observations suggest that there are ethnic differences among
premenopausal AA and W women in the association between
changes in regional fat distribution and MOI with weight loss.
We initially speculated that greater baseline IAAT and greater
baseline TNF system markers among W women would result
in greater changes in these measures with weight loss. We
observed that W women had a greater loss of both IAAT and
TNF-α with weight loss compared to AA. In fact, in W women
circulating concentrations of the TNF system decreased with
weight loss to levels comparable to those of their AA counter-
parts (Table 1). Furthermore, statistically adjusting for change
in IAAT attenuated the ethnic difference in change in TNF-α
(P = 0.135 for ethnicity; P = 0.056 for ethnicity × time interac-
tion; Table 2). Both of these findings suggested that the change
in TNF-α in W women was in part due to the loss of IAAT in
We also observed an ethnic difference in the change in
sTNFR-I and sTNFR-II with weight loss. W women showed
decreases in both sTNFR-I and sTNFR-II, whereas AA women
showed no changes in these measures. Although it is tempting
to speculate that this ethnic difference was likewise attribut-
able to greater IAAT in the W, we did not observe a significant
association between the change in IAAT and the changes in
the receptors. Further, inclusion of measures of body fat in the
multiple regression models did not eliminate the significant
effect of ethnicity.
To further probe the mechanism for the differential change
in receptors between AA and W with weight loss, we examined
the possibility that lean body mass played a role. Lower levels of
sTNFR-I and sTNFR-II have been reported in lean compared
to obese individuals (26). In our cohort, AA tended to show a
preservation of lean mass with weight loss, whereas W tended
to show a decrease (P = 0.089 for ethnicity × time interaction;
Table 1). However, when change in lean mass was included
in the models for sTNFR-I and sTNFR-II, ethnicity was still a
significant determinant. Thus, the mechanism through which
weight loss alters the TNF receptors in W women cannot be
determined from our results.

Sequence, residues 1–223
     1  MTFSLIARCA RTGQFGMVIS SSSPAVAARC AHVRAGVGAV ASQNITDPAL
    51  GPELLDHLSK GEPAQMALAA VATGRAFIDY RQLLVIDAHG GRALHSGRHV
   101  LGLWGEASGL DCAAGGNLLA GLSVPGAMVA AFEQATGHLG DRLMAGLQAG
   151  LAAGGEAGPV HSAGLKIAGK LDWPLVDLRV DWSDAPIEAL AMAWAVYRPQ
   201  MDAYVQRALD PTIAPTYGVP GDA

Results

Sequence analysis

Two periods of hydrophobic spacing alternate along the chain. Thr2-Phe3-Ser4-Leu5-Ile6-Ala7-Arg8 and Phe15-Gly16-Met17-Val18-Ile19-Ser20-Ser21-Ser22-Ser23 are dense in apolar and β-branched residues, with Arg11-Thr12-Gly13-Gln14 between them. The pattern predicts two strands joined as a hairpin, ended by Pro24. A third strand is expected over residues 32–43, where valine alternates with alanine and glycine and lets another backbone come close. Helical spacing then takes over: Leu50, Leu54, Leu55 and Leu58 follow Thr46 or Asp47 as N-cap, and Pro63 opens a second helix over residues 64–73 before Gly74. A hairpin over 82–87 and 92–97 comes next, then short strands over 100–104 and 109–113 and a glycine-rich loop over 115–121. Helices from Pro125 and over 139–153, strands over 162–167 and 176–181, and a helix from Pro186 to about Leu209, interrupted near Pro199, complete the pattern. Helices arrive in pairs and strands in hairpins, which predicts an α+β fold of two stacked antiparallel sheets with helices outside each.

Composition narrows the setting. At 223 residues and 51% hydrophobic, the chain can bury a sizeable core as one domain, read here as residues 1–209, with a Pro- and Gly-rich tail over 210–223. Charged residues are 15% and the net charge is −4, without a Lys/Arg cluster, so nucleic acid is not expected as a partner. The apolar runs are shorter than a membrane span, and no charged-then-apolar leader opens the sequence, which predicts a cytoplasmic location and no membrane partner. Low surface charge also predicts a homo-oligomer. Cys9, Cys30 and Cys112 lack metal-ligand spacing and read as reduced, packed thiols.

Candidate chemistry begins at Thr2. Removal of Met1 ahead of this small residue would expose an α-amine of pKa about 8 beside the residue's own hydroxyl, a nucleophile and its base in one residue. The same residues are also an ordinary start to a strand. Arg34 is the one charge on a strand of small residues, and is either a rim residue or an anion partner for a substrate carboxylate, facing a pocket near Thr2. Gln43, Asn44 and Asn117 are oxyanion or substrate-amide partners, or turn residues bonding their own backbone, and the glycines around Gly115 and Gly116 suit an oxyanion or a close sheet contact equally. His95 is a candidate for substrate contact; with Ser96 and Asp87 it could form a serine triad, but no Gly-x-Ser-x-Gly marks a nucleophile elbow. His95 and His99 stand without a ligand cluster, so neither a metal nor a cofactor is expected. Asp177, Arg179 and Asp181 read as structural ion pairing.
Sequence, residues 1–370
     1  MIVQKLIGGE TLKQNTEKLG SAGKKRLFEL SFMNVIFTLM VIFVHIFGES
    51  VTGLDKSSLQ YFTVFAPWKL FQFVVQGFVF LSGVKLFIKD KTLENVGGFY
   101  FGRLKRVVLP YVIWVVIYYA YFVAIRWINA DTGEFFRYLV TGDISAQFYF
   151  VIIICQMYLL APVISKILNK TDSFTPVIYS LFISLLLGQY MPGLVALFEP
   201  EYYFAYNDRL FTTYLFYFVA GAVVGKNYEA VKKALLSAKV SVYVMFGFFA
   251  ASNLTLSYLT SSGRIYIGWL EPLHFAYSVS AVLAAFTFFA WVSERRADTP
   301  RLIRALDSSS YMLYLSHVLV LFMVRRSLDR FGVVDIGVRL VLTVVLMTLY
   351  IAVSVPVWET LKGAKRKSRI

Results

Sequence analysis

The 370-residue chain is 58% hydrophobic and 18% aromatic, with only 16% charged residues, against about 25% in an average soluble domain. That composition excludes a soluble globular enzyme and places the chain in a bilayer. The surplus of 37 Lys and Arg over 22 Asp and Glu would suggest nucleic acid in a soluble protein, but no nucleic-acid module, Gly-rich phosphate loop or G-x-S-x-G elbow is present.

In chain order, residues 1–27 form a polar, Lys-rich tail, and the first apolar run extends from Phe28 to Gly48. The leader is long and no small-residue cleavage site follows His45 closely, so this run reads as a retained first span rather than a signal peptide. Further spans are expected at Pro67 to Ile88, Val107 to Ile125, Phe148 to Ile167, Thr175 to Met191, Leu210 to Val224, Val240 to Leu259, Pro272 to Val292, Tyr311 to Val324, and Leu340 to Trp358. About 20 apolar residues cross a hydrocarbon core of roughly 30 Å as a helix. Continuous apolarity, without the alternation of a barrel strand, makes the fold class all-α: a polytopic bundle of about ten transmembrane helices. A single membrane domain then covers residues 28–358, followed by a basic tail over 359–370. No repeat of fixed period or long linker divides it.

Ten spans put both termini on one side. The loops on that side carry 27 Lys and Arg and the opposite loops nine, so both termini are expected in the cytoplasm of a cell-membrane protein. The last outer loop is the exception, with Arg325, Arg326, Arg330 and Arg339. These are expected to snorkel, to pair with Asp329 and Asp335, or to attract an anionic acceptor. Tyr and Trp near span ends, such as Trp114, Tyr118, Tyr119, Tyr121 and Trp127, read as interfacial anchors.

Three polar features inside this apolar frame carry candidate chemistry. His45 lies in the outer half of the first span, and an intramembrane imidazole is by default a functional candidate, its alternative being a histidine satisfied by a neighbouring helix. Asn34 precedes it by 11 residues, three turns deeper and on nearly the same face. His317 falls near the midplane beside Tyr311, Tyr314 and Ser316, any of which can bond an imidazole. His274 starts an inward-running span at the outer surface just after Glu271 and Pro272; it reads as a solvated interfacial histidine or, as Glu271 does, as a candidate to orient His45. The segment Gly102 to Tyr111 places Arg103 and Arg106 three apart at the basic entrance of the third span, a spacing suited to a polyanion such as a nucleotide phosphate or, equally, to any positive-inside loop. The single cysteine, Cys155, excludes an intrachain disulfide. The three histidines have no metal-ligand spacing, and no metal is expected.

Whether a decrease in TNF receptors indicates an improve-
ment in metabolic health is not entirely clear. TNF-α is thought
to exert its biological effects on cell function by binding to cell-
surface receptors sTNFR-I and sTNFR-II (27). The extracellular
portions of these receptors are present in serum as sTNFR-I and
sTNFR-II, and are thought to reflect TNF-α activity. sTNFR-I is
thought to mediate the metabolic actions of TNF-α, such as its
effects on insulin signaling (28), while the role of sTNFR-II is
less clear. These receptors are usually elevated in obese individ-
uals compared to lean controls (26,29,30). However, weight loss
studies have yielded equivocal results; Zahorska-Markiewicz
et al. found a significant increase in both sTNF receptors fol-
lowing weight loss (31), while Bastard et al. found a significant
decrease in sTNFR-I and no change in sTNFR-II (32). In our
table 2 Mixed models for tnF-α with weight loss (n = 124)
Ethnicity × time
Ethnicity × time 0.056
Ethnicity × time
Values in boldface indicate significant differences (P < 0.05).
table 3 Mixed models for tnFr-I with weight loss (n = 124)
Ethnicity × time0.244
Fat mass 0.104
Values in boldface indicate significant differences (P < 0.05).
table 4 Mixed models for tnFr-II with weight loss (n = 124)
Ethnicity × time 0.147
Values in boldface indicate significant differences (P < 0.05).
obesity | VOLUME 20 NUMBER 4 | apRiL 2012 719
study, the receptors either decreased (W women) or remained
unchanged (AA women). Differences among studies may be
due to the energy balance status of the subjects.
In this study, we found no significant differences in IL-6 or
CRP between ethnic groups at baseline or following weight
loss. The parallel responses of IL-6 and CRP were not unex-
pected as secretion of CRP by the liver is primarily regulated
by circulating IL-6 (ref. 33). The current literature examining
ethnic differences in circulating IL-6 and CRP is discrepant.